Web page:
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April 10, 2014

Calling All Members!


The current edition of News and Information for Animal Agriculture, the official newsletter of the National Institute for Animal Agriculture.

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NIAA Newsletter


Four Presented Awards at NIAA Annual Conference

Four individuals— Dr. Richard Raymond, Colorado; Dr. Hailu Kinde, California; Dr. Karen Jordan, North Carolina; and Jim Fraley, Illinois; —were asked to step into the spotlight at the National Institute for Animal Agriculture during the organization's annual conference on Tuesday, April 1, in Omaha, Nebraska. NIAA's membership —representing the aquaculture, beef, dairy, swine, sheep, goat, equine and poultry industries—honored the four for their outstanding service and leadership to the organization.

NIAA membership includes government regulatory personnel, academia, researchers, extension specialists, veterinarians, producers, allied industry businesses and national and state livestock, aquaculture, equine and poultry association leaders.

Individuals recognized and their respective awards include:

  • Dr. Richard Raymond, a food safety and public health consultant and former USDA Undersecretary for Food Safety, was given NIAA’s Advocate for Animal Agriculture Award for building bridges with consumers by delivering strong, positive messages about animal agriculture.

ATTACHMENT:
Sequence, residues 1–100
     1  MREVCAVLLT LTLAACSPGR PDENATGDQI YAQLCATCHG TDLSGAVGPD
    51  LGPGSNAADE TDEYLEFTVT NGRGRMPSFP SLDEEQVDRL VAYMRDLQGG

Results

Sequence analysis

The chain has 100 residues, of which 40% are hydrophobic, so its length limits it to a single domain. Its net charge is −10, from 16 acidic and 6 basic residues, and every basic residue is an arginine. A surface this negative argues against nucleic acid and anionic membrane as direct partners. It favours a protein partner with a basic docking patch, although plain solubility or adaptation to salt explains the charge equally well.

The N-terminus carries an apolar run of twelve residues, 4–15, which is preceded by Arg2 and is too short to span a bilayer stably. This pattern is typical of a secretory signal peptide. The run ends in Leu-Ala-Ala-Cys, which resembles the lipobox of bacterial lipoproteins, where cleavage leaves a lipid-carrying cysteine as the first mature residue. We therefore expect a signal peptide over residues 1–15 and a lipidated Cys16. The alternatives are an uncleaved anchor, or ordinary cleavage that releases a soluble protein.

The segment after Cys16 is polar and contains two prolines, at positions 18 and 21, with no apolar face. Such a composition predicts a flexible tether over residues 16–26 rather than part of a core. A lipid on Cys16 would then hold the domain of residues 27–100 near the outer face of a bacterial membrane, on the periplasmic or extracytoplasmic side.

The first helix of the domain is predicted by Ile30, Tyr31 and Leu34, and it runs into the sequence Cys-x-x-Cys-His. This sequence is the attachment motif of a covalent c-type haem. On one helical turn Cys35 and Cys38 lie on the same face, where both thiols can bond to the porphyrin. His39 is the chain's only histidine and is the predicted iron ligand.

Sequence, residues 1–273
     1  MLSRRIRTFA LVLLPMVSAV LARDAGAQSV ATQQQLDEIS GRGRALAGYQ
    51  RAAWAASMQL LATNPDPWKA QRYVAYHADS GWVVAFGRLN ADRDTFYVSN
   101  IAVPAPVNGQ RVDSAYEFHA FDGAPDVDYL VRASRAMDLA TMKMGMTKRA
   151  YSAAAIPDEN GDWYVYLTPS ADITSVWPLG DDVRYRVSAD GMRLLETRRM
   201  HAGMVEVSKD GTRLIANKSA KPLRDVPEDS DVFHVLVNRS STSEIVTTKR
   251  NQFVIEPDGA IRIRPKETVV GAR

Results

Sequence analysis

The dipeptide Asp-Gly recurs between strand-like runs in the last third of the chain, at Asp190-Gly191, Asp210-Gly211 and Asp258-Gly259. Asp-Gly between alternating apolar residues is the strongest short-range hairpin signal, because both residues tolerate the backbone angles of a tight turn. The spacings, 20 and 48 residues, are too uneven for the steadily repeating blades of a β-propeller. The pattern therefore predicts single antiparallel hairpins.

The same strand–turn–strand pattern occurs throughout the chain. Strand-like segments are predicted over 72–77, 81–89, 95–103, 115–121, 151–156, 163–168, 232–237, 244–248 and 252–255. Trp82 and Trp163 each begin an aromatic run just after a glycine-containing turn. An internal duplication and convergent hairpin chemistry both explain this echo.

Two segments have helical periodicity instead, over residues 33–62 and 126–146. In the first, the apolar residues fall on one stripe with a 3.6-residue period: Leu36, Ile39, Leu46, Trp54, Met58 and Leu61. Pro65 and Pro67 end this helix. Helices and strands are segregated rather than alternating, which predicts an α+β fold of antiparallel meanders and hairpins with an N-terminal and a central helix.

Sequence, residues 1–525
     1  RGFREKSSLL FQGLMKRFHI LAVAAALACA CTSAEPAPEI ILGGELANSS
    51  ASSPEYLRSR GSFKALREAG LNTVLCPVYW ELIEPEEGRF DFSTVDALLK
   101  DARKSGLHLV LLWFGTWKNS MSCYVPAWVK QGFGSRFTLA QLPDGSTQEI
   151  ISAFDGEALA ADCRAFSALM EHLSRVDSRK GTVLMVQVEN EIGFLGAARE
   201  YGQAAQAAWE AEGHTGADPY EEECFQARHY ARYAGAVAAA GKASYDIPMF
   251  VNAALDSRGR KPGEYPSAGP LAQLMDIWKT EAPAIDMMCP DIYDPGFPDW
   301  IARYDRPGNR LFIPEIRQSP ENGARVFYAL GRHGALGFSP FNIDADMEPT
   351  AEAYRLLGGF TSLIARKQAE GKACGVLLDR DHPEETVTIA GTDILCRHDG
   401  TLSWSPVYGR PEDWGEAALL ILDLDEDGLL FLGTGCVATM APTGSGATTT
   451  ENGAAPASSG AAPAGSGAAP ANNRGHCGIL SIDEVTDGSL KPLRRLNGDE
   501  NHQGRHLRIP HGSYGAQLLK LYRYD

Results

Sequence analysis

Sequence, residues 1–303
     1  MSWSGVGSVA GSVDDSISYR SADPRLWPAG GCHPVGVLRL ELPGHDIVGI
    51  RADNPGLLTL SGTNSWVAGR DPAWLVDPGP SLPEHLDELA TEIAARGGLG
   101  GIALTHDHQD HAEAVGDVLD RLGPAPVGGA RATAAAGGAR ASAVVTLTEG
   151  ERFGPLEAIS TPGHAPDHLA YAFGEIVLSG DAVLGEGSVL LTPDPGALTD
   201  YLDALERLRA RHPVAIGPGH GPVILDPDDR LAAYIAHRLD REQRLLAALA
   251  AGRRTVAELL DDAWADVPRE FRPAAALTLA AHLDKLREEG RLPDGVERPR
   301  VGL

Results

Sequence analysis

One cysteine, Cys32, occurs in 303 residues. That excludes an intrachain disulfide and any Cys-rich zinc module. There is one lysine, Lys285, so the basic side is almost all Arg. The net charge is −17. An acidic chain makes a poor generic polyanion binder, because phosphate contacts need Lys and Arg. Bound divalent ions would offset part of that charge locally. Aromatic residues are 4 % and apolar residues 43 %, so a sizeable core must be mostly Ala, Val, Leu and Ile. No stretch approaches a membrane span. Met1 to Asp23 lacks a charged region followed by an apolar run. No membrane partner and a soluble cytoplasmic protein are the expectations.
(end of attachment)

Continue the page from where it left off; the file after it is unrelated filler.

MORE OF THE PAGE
Dr. Hailu Kinde, (right) with NIAA Chief Operating Officer, Katie Ambrose

  • Dr. Hailu Kinde, California Animal Health and Food Safety Laboratory and co-chair of NIAA’s Emerging Disease Council, was presented the organization’s President’s Award that recognizes an NIAA committee or council chairman or co-chairman for exemplary leadership and dedication to the organization.

    Dr. Karen Jordan (left) with Dr. Annette Jones, NIAA Chairman.

  • Dr. Karen Jordan, a veterinarian and dairy farmer from North Carolina who serves on NIAA’s board of directors, was given NIAA’s Chairman’s Award for her unselfish dedication and tireless devotion to the advancement of animal agriculture.

    Mr. Jim Fraley (right) and Dr. Peter Timoney, 2012 Award recipient.